On Tuesday some of the swans, Angelo included, were spotted heading up Stoke Brook towards Forty Acres in Stoke Gifford, and by Wednesday I could only find Brooke and one cygnet on the Three Brooks lake. On Thursday 7th December, we saw a post on our Facebook page saying there was a dead swan “under the wooden bridge”. Leaving the Green Gym in the capable hands of David Baker, Andrew Deakin and I headed off and searched the bridges along Stoke Brook and around the lake. I got stuck in knee deep mud trying to get to the island and I may have muttered more than a few words that would make my grandmother blush! We finally made it to the island, but found nothing, although we made sure that the entry points were again accessible before heading back, pausing only to clear some debris by the stone bridge. We then got another message that the “wooden bridge” was not on our reserve, but at Forty Acres, so we headed over there. After some searching, we found the bridge and a dead swan. A quick look at his flight feathers and his ring confirmed that this was our disabled cygnet, Angelo.

More: Cygnet’s death registered as a wildlife crime »

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Three Brooks nature reserve in October

Posted on Friday 10th November 2017 at 9:58 pm by SH (Editor)

Photo of Angelo - a cygnet with the 'angel wing' condition.

An update from Sara Messenger of Bradley Stoke’s Three Brooks Nature Conservation Group.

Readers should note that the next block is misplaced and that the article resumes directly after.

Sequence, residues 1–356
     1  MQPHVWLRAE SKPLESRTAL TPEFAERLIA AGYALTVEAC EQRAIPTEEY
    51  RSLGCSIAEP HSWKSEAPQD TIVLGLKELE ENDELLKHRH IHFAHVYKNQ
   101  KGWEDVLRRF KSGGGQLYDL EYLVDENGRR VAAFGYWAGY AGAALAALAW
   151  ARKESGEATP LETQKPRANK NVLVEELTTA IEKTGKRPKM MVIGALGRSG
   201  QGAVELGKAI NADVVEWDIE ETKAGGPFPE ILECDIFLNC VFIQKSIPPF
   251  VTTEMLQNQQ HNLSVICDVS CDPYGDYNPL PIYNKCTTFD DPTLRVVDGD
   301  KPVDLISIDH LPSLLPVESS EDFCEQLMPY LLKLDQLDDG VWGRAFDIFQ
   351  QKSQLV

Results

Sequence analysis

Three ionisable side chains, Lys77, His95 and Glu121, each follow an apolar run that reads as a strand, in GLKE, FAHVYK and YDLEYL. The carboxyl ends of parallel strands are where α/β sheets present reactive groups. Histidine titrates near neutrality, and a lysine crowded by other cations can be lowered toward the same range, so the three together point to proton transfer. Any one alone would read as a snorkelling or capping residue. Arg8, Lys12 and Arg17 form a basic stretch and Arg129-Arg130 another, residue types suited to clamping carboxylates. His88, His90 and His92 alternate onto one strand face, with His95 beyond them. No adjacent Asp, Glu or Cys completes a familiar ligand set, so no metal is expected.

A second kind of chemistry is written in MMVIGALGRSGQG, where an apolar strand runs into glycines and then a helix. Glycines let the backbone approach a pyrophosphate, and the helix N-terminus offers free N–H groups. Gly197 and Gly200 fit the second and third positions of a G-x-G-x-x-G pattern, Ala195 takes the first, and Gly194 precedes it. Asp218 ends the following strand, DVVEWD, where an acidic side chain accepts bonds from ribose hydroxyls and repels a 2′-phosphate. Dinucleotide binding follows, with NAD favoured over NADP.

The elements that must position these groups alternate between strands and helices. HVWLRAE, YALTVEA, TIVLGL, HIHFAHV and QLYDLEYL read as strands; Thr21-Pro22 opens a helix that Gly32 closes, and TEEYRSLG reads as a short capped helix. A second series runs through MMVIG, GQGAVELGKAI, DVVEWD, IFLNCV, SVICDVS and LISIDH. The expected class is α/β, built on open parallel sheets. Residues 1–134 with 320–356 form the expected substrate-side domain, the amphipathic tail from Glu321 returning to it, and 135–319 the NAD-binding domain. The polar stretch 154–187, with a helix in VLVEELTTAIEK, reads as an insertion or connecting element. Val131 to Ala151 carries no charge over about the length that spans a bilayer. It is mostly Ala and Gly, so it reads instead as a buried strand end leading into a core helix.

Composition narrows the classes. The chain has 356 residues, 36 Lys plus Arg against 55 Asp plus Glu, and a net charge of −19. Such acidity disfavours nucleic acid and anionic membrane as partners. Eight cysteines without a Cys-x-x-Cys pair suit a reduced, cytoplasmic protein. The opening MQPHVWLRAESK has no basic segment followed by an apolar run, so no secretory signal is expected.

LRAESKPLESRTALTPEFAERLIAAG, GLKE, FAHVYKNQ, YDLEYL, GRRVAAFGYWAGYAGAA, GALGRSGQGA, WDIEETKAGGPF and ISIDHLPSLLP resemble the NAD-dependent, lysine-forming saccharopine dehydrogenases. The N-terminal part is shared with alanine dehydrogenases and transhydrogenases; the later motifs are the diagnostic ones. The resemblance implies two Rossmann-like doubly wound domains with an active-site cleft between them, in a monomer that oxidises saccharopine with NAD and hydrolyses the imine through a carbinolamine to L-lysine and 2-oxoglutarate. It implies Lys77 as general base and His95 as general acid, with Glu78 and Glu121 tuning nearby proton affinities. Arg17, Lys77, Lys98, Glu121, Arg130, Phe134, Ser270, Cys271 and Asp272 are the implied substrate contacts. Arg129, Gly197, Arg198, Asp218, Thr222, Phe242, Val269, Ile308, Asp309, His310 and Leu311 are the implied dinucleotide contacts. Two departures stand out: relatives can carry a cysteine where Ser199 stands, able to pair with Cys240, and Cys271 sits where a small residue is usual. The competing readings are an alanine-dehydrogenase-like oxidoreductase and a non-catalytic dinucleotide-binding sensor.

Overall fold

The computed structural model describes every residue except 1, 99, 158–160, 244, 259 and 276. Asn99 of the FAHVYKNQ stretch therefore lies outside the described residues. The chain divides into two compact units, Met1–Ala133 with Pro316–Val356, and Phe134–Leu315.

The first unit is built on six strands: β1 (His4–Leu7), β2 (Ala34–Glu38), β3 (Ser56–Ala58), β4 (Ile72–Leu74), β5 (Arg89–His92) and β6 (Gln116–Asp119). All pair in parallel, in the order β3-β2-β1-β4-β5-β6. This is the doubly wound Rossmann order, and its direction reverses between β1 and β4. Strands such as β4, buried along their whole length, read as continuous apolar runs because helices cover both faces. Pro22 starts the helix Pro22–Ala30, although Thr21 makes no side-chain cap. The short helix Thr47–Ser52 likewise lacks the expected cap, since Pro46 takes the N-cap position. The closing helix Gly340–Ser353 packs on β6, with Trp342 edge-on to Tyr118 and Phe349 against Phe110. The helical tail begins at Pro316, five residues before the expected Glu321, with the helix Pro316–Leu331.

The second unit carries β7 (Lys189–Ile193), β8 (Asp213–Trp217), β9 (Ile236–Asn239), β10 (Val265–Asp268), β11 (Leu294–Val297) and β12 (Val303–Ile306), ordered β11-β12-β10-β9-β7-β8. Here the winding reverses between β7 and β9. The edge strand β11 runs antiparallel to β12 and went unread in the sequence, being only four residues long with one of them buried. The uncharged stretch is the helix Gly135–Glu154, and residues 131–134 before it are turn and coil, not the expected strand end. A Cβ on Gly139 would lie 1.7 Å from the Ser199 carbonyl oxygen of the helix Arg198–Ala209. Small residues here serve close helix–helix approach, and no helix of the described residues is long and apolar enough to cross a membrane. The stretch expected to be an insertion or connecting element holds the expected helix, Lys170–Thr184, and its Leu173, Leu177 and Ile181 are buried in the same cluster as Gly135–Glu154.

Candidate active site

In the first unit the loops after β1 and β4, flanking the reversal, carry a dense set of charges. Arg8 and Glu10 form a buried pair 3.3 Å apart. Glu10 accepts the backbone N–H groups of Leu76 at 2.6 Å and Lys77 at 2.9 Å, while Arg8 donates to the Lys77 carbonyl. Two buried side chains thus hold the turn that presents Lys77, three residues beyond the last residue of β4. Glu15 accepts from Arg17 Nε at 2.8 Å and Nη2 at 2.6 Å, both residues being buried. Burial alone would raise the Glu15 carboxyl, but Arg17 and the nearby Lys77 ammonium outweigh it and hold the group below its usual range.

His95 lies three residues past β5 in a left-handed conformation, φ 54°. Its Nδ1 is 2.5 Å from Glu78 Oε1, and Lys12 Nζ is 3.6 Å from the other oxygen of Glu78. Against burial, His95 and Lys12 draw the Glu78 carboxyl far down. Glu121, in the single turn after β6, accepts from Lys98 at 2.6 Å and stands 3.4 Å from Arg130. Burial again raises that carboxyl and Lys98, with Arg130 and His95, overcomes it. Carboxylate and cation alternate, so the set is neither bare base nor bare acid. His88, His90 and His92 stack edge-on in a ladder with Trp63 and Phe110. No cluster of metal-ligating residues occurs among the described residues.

Last month it was “All things batty” and this month it seems it’s “All things birdie”! We had several reports that the swans could not be found on the lake, which is not unusual as they often wander up Stoke Brook (from the lake to Braydon Gate) teaching their young how to find food when our young tire of sharing theirs with them! However, for the first time to our knowledge, this time the family went as far as the Forty Acres reserve. Fortunately, they soon tired of their day out and returned to the lake. Whether they were in search of food or a quieter nesting site we don’t know, but the lake is in a pretty poor state. Often the birds can only get across with a combination of swimming and shuffling over the silted-up areas and often it resembles more a large neglected and sinking mud pie than a mirrored blue oasis of calm. The management committee would like to have the lake de-silted again, not only to improve the biodiversity and the habitat for our otters and birds, but to restore its function as an ‘attenuation lake’ capable of holding excess water in times of heavy rainfall. However, SGC seem to believe that the job would cost £100,000. We have yet to persuade them that Andy D, armed with a couple of buckets, would do it for much less!

Angelo’s future

We had another report that Angelo, our cygnet with the disabling ‘angel wing’ condition, was apart from the family group and that all his attempts to return were being rebuffed. Of course, every time I went to check, it was as though the cry “teacher’s coming” had gone up and they were all beautifully behaved. Angelo weighed less than his sister and has no white on him at all which suggests that he is not maturing at the same rate as his siblings. We had planned to remove him from the lake in the new year and have been searching for a reliable ‘forever home’ for him, which we believe we may have now found. My preference is, while it is still safe to do so, to leave him with his family for as long as possible, so we’ll be monitoring the situation, but we’d be grateful if you all could also keep an eye out for him and if you see anything untoward let us know, either via Facebook or email us on report-it@threebrooks.info